And then there were a handful of kids that are just flat-out courageous inspirations dealing with life the only way they knew how: living.

Michael Facebook

Moments like the above were peppered throughout the tour. Bittersweet, unexpected nuggets of humanity offering a solemn reminder that the happy work we were doing through NTC far exceeded the mission to educate and entertain. Simply, the tour changed my life.

I’m thankful to’ve had the opportunity to tour. I’m thankful to do something I love. I’m thankful for the awesome sense of worth and purpose I received at “work.” I’m thankful “work” means “play.” I’m thankful for the people met and experiences had. I’m thankful for such a wonderful tour partner. I’m thankful to work for such an awesome company. I’m thankful to be able to share these things with you.

In a few weeks I’m going back out on the road with NTC and the tour can’t come soon enough!

Artists: Being Fulfilled Is Your Responsibility

IMG_4135It’s hard to believe we’ve been on tour for two months! It’s even more difficult to believe that we’re only 17 performances/1 week away from the end!

dishBefore leaving on tour my agent Geanette and I sat down for lunch at Mickey’s Diner. I shared with her that I was afraid: maybe I wouldn’t like touring, maybe I’ll get sick of the show.

She smiled and said, “You’ve got to love doing the dishes.”

She elaborated saying cleaning the plates is as much a part of the process as preparing, serving, sharing, and eating. You’ve got to love the whole process!

And her advice helped. It shifted my mindset and got me mentally prepared for 9 weeks in a car with a stranger. With only a week left on the road I will confirm: I love “doing the dishes!”

Thoughts On Fulfillment

Last weekend John and I left mid-Tennessee and headed east to Knoxville. We met up with another NTC tour group, Andy and Rebecca, to celebrate Halloween.

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For two days we did what most actors do when they’re together: talk about the work. Our discussion touched on many issues, but one still stands out: fulfillment as an artist. Some of us weren’t being creatively fulfilled by our shows.

Artists: being fulfilled is your responsibility. This task rests on your shoulders. I can’t tell you what’s going to feed your soul.

The artistic fulfillment discussion reminded me of people who talk about God.

Why?

Because my relationship with God (or the Awesome Energy, Love, Holy WOW!) is extremely personal. It makes me uncomfortable when people presume to tell me what God is/isn’t/should/shouldn’t be.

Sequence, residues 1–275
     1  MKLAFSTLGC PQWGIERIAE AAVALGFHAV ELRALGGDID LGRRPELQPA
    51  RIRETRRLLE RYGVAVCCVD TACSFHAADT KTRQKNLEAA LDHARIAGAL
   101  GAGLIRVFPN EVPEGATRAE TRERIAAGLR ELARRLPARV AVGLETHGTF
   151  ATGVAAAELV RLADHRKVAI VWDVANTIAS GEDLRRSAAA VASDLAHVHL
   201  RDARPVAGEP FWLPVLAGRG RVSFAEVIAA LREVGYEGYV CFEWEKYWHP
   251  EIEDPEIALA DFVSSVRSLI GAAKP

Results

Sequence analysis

Find your own definition of God. While you’re at it look for your fulfillment too.

The work we’re doing on the road is important. Maybe that sounds silly if you’ve seen our show or the promo video:

Yes, the script has important lessons on saving energy and how people waste resources.

But even more importantly NTC is presenting work to a group of individuals that have never seen a show before! Most are elementary school students.

For me this is an aspect that makes the work fulfilling. To play a part of someone’s first theatre experience is special.

Andy and Rebecca said their show was geared toward the teachers in the audience. The show was filled with pop-culture references. And that works for their troupe. But they weren’t fulfilled.

John and I approached our show differently. Our show is for the students, not the teachers. Our audience — the folks we’re really playing to — they’re between the ages of four and twelve. Our show is high energy with silly big lovable characters. And we are fulfilled.

Part of the reason John and I are fulfilled is because we understand our audience and play to them. Part of the reason Andy and Rebecca aren’t fulfilled, I presume, is because they’re playing to the adults in the back of the room and ignoring the other 99% of the audience.

“In one sentence, what is all you want to do in life?”

Part of the reason this work is so important for me has to do with my answer to the question:

All I want in life is to be a great daddy, wonderful husband & provide for family by doing what I love while helping make the world better.

I think a part of being a “great daddy” (or mommy) is being an educator. And between the laugh lines, educating is what we’re doing.

After the show we meet our audience. I always ask, “What did you learn today?” Following the student’s answer I ask: “Why is what you learned important?”

Weighty stuff!

If I can see that the student understands the question and is mentally formulating their answer I wait for their response.

I want the students to feel what they say matters. If I’m asking them a question it’s because I genuinely want to know. I want them to learn that their thoughts are important.

There’s a lot of teachers that don’t make the connection between needing to allow time for the student to ponder the question and answer. Teachers need to allow time for a student to gain the confidence to take a risk with the answer and vocalize it. A lot of students are so afraid of being wrong they can’t find the words.

(I’m certain there’s also a lot of teachers that want to take the time, however, can’t afford to do so due to the politics of teaching in the public school system.)

There’s so much more I want to say, but hotel check-out is in two minutes!

If you have 22 minutes, check out this video by Tony Robbins; perhaps it will help you understand why this tour has been so fulfilling.

What do you think?